The Nationals should have finished the victory in nine innings, but the natty Padres (oh, those Winfield throwbacks) scratched two unearned runs off Washington closer Rafael Soriano. Another Ryan Zimmerman error, his ninth, made the rally possible. I'm no one's doctor (not professionally, anyway), but I'm worried about Zimmerman's health; maybe he needs a magic shot of the cortisone that fixed his 2012 season. In the meantime, every ground ball hit to Zimmerman is a coin flip.
• Terry Collins has been remarkably patient with Ike Davis in New York, but you have to wonder when the other cleat might drop. Davis went 1-for-4 in the matinee win at Wrigley, busting out of an 0-for-24 funk. He's carrying a messy .160/.245/.267 slash for the year, and he looked shaky on a number of routine infield plays Friday. It's a shame Keith Hernandez has to watch this every day.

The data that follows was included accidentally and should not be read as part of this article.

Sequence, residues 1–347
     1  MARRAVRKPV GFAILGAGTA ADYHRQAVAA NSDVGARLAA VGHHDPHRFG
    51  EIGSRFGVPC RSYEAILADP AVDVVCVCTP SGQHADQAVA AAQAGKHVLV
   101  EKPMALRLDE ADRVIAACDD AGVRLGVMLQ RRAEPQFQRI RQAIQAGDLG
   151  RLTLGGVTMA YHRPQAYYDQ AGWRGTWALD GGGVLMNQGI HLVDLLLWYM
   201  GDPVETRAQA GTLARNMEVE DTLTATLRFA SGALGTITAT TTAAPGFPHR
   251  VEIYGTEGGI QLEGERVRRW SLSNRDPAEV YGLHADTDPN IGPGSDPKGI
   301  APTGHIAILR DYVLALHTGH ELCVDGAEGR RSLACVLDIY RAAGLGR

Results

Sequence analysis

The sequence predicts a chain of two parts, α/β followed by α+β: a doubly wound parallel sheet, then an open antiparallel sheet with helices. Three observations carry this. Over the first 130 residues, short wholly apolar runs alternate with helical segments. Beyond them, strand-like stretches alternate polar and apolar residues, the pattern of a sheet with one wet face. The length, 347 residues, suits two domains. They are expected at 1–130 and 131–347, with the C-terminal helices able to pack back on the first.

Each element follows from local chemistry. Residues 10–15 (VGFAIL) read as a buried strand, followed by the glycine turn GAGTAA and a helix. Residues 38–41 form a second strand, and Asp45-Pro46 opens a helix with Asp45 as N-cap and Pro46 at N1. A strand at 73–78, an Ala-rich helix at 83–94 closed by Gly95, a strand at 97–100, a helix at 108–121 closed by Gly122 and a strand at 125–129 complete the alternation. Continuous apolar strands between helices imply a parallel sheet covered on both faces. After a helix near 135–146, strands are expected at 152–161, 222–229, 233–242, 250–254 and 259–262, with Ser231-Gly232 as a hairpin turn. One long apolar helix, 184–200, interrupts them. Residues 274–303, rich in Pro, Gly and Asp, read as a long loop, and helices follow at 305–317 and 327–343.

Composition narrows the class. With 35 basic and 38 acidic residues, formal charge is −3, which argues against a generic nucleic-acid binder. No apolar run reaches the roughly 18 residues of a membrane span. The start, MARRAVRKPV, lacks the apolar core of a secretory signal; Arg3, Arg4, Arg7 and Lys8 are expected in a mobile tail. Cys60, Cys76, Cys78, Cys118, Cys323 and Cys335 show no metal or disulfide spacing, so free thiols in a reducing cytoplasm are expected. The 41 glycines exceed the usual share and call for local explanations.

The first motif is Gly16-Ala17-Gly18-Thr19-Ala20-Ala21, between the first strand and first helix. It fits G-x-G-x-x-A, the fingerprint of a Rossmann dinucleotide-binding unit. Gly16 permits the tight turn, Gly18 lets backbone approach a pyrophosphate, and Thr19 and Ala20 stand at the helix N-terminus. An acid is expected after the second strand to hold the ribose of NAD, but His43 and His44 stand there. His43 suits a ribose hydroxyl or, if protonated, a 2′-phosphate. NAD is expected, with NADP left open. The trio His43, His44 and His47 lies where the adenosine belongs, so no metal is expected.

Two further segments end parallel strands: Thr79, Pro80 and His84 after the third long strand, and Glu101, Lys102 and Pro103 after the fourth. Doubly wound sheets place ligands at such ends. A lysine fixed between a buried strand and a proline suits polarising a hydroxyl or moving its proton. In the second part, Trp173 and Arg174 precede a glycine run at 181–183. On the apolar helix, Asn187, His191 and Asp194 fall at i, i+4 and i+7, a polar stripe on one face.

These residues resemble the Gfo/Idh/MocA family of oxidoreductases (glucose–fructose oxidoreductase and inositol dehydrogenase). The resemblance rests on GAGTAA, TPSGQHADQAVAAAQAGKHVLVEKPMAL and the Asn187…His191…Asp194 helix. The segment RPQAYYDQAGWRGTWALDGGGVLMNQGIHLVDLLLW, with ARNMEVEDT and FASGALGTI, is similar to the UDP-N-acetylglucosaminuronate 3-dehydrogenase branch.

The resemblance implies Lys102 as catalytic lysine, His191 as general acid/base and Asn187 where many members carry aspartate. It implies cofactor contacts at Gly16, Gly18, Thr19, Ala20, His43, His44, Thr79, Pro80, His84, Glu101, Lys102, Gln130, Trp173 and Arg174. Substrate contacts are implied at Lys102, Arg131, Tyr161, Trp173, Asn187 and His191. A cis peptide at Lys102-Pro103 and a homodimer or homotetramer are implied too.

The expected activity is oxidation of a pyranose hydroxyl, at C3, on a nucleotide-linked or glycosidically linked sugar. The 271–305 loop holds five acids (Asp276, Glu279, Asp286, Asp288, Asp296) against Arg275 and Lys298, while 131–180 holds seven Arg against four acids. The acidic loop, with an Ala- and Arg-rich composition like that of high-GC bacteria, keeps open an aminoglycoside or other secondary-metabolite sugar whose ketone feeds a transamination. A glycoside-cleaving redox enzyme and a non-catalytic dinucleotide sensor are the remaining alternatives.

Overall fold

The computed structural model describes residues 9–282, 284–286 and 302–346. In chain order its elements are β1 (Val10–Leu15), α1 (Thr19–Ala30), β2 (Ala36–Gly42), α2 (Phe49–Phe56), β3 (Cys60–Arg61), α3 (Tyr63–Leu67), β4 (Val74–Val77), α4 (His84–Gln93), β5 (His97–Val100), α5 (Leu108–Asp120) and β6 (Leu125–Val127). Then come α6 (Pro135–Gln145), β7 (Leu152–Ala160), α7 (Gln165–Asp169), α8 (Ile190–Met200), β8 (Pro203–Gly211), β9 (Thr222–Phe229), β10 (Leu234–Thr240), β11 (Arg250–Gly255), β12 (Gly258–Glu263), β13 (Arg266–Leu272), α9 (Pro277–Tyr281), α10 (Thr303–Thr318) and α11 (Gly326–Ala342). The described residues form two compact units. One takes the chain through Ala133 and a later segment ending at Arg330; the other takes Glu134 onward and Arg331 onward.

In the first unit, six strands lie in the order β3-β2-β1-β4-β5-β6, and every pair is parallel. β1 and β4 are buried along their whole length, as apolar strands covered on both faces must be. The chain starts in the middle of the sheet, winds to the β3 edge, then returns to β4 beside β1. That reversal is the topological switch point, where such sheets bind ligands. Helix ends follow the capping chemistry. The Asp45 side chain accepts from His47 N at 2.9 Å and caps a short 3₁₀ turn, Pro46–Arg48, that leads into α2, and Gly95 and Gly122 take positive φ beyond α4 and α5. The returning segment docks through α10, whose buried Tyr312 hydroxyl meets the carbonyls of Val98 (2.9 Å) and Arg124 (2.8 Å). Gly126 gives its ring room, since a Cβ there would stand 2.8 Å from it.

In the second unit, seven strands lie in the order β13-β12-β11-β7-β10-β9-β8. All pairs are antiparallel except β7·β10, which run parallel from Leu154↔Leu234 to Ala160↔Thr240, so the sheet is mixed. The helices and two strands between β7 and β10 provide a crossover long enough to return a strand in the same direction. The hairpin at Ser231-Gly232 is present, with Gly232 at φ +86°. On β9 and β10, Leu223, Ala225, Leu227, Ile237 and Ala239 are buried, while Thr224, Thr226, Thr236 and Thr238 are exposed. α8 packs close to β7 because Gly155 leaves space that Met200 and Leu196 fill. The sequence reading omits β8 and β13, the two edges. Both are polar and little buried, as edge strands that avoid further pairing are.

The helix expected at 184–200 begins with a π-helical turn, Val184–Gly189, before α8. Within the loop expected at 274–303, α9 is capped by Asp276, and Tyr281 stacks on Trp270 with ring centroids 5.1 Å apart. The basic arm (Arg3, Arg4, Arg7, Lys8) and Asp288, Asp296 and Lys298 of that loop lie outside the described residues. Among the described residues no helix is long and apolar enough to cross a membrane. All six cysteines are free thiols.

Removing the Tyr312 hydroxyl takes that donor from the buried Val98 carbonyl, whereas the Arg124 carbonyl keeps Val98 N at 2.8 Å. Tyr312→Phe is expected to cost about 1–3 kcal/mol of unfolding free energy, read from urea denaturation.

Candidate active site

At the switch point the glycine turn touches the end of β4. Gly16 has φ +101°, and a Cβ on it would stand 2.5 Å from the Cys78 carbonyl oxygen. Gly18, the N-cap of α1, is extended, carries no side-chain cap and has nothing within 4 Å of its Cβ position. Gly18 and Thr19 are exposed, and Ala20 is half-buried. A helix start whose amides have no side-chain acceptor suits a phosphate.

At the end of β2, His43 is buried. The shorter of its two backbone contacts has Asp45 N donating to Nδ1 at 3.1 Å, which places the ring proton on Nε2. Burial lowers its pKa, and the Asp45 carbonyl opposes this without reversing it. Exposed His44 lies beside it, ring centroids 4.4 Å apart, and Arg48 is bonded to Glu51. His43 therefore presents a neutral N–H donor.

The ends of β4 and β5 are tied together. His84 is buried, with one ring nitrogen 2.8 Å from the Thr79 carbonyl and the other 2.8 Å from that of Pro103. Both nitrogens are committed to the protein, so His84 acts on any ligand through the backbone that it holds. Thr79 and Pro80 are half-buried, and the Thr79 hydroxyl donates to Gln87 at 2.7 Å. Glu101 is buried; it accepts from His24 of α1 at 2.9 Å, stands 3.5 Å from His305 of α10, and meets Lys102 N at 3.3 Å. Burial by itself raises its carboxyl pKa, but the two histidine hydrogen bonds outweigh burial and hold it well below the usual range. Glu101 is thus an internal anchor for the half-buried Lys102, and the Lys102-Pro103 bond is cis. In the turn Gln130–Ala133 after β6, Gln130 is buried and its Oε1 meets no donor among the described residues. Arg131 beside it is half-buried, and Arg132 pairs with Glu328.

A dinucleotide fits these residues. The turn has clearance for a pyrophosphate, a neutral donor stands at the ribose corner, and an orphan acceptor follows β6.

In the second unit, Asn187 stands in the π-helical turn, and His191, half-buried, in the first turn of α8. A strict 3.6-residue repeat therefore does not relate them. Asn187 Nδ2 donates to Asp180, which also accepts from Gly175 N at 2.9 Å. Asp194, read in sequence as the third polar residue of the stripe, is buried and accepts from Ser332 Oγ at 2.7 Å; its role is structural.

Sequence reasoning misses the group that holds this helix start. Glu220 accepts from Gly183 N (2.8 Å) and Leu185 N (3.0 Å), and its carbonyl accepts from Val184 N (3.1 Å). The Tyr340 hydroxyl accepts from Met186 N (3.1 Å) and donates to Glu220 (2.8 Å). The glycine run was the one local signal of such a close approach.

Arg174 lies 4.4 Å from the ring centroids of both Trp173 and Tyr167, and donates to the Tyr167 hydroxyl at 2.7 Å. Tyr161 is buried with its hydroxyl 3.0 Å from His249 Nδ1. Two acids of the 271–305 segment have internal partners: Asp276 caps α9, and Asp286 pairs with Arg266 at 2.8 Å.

According to Mets beat writer Adam Rubin, the club might be close to a Davis demotion. Outfielder Andrew Brown is swinging a hot bat at Triple-A Las Vegas (.366/.435/.616), albeit it's the inflationary PCL and he's already 28. He picked up a start at first base Friday, which might tell you something. The Mets could also move Lucas Duda to first base if they so desired.
It's your move, Davis. Show us something in the Second City. The clock is ticking.
• There's been a lot of talk about the AL East getting declawed, maybe too much talk. The big-money division has four wining clubs as we go to post Saturday, and it's far and away the highest-scoring division in the majors. Let's have a quick look at that latter list, the divisional scoring leader board: